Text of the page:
English as a Second Language

English is not my first language.

I love to tell people that for two reasons: it’s absolutely true, and most would never guess.

Naturally, there’s a story.

My parents immigrated from The Netherlands to Canada before I was born. When I showed up in 1957 they’d been in the country for only five years. While they had presumably learned enough English to get by, the fact was they still spoke Dutch in the home.

As a result, for the first three years of my life, so did I. Dutch is, in fact, my first language.

At the time we were renting a cottage from and living next door to a lady who’d come from England, herself. “Auntie Betty”, as she was known to me, would become a lifelong friend of my parents.

She observed my situation and decided that this would not do. She proceeded to teach me English.

Being from England, of course, what she taught me was the Queen’s English, or “proper” English as those from England might refer to it.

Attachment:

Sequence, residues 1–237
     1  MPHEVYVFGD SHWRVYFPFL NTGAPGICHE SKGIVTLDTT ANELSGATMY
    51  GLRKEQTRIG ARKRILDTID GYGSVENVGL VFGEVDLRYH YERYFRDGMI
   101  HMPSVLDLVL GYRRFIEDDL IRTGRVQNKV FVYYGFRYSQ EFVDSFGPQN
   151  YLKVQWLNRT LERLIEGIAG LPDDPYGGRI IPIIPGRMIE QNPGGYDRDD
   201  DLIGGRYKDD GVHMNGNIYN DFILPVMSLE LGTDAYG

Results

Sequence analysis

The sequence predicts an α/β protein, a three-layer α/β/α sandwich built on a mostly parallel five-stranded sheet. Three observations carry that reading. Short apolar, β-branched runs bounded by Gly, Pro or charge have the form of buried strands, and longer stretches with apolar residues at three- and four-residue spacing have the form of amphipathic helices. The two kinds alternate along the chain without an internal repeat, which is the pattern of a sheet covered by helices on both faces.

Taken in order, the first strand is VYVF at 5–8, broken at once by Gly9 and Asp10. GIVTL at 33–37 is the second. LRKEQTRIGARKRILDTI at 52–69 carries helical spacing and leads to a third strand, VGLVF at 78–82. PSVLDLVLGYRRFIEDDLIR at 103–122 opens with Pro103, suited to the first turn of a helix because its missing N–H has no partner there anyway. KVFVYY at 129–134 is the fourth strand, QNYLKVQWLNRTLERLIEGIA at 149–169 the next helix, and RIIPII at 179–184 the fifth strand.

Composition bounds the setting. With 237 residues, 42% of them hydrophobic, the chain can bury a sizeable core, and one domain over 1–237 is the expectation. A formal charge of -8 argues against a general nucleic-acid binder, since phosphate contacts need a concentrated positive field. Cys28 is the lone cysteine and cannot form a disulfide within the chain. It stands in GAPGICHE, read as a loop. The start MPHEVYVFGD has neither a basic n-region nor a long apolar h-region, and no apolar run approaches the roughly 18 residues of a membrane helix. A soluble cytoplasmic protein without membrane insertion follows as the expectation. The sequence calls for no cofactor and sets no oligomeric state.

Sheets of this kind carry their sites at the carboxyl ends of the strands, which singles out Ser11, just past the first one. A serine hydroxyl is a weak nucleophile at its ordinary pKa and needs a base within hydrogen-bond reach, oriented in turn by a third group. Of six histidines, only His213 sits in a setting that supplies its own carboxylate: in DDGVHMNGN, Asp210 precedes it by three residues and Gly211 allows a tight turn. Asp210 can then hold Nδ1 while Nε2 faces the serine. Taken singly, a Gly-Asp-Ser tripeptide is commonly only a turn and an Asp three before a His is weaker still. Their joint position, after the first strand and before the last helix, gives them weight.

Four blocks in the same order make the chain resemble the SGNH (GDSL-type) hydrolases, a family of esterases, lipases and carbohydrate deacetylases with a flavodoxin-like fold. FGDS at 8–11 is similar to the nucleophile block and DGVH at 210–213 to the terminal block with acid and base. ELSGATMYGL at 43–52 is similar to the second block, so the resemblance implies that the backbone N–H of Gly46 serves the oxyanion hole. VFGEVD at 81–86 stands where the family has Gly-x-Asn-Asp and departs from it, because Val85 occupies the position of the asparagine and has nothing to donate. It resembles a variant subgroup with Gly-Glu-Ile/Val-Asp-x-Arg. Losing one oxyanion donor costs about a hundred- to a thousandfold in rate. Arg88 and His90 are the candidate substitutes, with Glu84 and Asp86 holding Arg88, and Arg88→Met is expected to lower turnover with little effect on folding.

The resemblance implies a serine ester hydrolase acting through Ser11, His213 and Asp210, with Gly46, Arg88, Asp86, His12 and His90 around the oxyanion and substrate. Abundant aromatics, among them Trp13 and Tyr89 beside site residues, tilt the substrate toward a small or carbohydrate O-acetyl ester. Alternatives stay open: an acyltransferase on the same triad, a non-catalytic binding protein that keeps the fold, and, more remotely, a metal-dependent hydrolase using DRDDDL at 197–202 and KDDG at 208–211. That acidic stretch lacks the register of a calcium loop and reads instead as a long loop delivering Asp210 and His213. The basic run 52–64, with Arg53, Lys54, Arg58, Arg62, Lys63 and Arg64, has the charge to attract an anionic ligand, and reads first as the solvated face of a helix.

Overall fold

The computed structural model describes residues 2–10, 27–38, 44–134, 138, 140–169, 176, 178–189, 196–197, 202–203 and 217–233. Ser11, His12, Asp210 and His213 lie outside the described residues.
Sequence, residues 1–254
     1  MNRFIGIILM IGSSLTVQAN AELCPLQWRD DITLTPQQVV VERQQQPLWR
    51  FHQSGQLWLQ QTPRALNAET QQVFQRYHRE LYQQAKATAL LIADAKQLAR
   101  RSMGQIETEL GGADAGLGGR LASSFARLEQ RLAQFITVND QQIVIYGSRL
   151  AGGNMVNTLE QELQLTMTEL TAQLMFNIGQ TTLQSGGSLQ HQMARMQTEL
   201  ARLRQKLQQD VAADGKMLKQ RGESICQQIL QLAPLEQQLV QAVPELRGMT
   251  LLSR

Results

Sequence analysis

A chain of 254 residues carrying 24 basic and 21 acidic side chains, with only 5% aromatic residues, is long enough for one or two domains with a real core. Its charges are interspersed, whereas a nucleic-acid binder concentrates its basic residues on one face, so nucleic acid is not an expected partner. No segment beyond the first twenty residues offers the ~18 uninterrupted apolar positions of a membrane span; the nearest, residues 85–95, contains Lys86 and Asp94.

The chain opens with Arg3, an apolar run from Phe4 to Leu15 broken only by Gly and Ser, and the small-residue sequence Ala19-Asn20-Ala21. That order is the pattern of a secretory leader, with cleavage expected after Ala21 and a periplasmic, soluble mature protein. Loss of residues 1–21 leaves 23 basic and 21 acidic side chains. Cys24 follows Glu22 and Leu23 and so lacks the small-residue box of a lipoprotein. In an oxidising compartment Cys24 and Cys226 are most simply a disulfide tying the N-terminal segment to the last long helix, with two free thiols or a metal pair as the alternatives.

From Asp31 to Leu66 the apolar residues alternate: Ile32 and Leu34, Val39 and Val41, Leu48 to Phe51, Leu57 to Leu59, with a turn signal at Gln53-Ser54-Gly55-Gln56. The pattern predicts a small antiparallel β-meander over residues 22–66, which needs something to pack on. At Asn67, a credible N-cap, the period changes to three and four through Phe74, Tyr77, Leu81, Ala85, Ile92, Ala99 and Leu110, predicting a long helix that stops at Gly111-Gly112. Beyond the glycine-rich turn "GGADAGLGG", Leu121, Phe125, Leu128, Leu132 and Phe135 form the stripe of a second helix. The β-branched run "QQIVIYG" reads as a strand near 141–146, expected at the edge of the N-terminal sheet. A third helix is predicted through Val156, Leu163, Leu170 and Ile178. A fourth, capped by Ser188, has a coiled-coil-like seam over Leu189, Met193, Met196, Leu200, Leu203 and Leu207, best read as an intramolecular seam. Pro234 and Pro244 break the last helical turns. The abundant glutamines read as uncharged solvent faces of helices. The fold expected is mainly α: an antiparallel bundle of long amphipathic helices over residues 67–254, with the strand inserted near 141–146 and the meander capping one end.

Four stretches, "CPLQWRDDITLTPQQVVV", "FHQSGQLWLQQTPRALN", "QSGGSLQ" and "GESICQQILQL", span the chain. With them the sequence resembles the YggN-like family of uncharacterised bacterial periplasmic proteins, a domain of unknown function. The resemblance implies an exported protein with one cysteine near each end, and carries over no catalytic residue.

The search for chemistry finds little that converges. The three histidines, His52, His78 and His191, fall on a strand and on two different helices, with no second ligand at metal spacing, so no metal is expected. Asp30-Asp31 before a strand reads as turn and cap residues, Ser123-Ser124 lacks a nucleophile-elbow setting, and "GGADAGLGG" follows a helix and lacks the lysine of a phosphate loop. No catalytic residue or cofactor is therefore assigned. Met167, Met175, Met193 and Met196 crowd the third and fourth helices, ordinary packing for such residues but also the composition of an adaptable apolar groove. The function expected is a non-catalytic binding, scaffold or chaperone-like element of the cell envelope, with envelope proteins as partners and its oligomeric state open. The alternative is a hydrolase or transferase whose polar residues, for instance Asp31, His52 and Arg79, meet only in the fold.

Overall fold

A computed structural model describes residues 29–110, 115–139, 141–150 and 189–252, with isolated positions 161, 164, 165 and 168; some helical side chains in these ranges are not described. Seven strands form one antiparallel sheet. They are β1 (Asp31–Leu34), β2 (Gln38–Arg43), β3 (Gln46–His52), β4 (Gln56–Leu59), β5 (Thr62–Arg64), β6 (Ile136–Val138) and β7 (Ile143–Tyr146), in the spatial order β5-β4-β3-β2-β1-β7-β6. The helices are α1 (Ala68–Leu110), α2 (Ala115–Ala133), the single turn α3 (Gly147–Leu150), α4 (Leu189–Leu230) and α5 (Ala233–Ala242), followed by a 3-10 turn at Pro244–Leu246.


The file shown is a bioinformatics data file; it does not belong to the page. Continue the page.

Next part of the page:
That was all well and good until I arrived in the United States, or more specifically, until I attended school in the United States. Apparently my use of language (and perhaps even a mild accent) was considered “different”. As children do, I was mocked and quickly learned what I guess I’d call my third language: American English. The languages I now use daily.

I don’t think it was really part of any grand plan, but I’m actually quite grateful that I’m technically bi-lingual. I say “technically”, since my last trip to Holland served to prove to me how rusty my Dutch had become. They say that learning two languages early in life makes learning additional languages easier later.

Perhaps it’s one reason that all these computer programming languages have become such an important part of my life. Yes, spoken or inter-personal language is different than a computer programming language, but I’m convinced that there remain concepts, and a flexibility of thinking, that apply to both.

Either way I’m grateful that English is my second (or third) language, and I’m quite grateful for an English neighbor woman who helped make it so.